Terms such as “Use by”, “Use before” or “Best before” are printed on the packaging of food products, but do you know what they really mean and how to use the information to ensure the products are consumed in total safety?
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Updated on 04/08/2016
Use-By Date (UBD) and Best Before Date (BBD)
Two types of information that should not be confused
When consuming food products, you should always follow the instructions on the packaging. There are two types of dates that provide information about the length of time a product is fit for consumption.
Not to be confused
- The Use-By Date(UBD) indicates the date by which a product must be consumed. This date must be respected. Beyond this date, the product is legally unfit for consumption since it may represent a health risk for the consumer. All fresh, packaged products must display this information (which must be placed on the product by the manufacturer) and cannot be sold after this date.
- The Best Before Date(BBD) indicates the date after which a food product may lose some of its qualities (flavour and/or nutritional value) although it can be consumed without any risk to health. This information is particularly found on drinks and grocery products (pasta, rice, sugar, canned food, etc).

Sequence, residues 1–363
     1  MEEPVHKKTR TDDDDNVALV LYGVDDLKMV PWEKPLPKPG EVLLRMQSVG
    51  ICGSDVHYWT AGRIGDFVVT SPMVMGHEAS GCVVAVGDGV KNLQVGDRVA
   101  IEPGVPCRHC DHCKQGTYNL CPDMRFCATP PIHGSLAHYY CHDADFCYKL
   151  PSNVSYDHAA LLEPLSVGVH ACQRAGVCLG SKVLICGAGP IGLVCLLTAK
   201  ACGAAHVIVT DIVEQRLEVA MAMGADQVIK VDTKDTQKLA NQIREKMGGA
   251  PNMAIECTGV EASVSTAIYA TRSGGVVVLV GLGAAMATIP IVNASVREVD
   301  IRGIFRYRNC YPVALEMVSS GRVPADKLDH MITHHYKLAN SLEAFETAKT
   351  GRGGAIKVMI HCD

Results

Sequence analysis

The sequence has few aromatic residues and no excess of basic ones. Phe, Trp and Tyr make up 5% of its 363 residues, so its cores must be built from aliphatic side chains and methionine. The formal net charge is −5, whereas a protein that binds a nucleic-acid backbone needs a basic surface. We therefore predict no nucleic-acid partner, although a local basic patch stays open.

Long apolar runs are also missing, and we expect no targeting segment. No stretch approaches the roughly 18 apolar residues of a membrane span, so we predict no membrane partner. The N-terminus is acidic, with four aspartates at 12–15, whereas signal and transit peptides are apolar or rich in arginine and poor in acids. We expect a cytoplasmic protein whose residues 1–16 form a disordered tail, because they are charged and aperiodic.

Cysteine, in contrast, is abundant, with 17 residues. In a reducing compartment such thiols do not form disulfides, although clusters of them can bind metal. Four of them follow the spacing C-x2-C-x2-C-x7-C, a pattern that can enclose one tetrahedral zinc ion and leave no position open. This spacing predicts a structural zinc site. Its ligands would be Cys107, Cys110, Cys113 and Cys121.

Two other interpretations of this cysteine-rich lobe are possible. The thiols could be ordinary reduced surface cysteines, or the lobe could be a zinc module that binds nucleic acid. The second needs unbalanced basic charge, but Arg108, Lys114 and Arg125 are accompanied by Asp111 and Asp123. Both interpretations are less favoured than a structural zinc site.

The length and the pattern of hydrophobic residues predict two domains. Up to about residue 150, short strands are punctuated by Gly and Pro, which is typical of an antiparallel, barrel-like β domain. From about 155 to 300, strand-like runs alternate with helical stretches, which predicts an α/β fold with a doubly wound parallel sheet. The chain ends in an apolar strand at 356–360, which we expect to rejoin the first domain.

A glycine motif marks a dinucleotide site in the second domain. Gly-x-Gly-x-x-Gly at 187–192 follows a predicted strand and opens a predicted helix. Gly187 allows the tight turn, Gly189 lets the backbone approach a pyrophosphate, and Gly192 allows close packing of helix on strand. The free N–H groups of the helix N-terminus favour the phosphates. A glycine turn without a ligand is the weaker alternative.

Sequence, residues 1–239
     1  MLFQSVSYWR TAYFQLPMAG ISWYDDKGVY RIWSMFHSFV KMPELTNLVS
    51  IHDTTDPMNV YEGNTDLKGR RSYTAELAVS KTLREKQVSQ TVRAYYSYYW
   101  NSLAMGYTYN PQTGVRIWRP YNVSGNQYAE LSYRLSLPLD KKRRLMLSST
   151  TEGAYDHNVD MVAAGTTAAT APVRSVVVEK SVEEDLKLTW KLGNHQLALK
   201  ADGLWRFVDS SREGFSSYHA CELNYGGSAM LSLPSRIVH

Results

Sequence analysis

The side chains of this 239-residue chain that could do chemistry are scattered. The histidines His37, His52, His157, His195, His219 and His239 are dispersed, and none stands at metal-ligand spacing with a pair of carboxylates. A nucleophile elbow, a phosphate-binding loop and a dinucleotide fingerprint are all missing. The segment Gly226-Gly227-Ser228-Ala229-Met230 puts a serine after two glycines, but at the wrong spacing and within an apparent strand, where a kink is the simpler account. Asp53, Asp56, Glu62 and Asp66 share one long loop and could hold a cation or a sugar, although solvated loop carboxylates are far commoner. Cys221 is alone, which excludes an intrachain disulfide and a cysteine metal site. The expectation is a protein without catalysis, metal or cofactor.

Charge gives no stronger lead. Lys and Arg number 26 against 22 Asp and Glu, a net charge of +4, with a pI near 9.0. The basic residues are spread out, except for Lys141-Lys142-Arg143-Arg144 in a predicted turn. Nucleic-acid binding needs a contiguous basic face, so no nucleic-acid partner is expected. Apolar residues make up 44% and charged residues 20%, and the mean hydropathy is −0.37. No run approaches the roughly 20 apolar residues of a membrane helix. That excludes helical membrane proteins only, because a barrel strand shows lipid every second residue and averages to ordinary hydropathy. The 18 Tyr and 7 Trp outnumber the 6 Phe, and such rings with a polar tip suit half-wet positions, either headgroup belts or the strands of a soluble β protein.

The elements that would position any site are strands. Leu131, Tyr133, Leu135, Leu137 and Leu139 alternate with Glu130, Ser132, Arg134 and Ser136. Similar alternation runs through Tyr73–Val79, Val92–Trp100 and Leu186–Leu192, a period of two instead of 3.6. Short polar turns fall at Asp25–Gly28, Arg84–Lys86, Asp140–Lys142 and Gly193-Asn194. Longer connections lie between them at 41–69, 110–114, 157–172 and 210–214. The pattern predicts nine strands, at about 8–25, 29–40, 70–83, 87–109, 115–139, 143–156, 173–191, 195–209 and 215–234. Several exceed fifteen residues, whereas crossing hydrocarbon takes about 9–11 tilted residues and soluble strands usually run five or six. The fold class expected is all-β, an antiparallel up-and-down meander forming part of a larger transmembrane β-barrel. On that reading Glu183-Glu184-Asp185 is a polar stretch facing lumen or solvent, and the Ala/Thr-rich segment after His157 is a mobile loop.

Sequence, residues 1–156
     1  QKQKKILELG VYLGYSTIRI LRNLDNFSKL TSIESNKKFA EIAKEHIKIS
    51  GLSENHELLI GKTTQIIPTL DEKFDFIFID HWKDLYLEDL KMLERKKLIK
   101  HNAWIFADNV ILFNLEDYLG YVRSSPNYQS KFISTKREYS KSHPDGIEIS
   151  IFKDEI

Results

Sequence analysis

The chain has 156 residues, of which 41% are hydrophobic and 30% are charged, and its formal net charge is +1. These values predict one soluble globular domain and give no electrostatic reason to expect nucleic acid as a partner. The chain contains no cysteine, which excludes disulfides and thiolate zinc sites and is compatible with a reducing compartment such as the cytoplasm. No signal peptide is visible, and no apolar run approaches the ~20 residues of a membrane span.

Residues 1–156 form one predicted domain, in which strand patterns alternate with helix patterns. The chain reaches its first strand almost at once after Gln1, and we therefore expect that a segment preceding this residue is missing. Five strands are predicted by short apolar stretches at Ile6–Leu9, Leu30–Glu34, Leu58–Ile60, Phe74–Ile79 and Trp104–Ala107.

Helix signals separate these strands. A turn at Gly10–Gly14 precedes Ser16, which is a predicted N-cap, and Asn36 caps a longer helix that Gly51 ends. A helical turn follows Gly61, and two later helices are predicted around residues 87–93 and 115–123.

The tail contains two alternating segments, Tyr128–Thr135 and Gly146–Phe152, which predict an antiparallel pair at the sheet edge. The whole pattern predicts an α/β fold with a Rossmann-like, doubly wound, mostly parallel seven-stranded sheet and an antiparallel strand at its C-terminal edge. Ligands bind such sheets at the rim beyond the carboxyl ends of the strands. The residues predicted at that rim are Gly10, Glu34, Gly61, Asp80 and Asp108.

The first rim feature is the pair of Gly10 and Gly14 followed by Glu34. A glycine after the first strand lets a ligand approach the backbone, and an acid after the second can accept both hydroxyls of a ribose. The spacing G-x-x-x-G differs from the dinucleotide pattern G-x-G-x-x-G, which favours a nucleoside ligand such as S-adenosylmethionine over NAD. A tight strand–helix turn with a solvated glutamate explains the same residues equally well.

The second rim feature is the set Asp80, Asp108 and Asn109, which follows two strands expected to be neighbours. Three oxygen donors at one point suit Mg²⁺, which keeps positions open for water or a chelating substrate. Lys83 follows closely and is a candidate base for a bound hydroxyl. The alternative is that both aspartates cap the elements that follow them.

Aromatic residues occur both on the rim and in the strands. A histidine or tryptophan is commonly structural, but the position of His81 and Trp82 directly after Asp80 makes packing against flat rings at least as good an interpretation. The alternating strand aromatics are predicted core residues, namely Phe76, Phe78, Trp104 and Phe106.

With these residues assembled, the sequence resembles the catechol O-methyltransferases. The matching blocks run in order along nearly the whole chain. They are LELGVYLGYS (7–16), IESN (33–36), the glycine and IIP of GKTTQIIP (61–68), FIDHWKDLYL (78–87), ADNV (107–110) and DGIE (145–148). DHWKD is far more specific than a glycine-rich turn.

Packaging may also display other important information for your safety:
- The storage temperature shown on the food packaging must be respected; if not, the safety of the product is no longer guaranteed.
- This also true if the packaging carries cooking instructions (for example, cook thoroughly through for sausages and beef burgers).
- Manufacturers may also recommend the time-period for consumption once the product has been opened (to be used within 2 or 3 days of opening, for example).
In addition, watch out for swollen packaging, tins with bulges, no “popping” sound when opening a jar, unpleasant smells or abnormal colouring: these are signs of a health hazard and the food should be thrown away.
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